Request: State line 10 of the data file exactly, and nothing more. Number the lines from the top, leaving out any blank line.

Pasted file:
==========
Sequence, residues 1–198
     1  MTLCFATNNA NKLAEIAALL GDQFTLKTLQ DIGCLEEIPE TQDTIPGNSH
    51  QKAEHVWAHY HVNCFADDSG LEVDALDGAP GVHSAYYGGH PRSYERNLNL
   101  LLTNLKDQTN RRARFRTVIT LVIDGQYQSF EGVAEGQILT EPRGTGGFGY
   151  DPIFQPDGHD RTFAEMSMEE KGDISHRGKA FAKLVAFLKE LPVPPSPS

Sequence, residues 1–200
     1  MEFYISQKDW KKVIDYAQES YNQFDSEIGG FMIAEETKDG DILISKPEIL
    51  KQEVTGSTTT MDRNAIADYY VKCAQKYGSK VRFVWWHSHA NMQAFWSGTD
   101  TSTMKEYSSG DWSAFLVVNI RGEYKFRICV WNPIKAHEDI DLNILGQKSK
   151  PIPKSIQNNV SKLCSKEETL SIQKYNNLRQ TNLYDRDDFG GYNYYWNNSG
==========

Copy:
   151  PIPKSIQNNV SKLCSKEETL SIQKYNNLRQ TNLYDRDDFG GYNYYWNNSG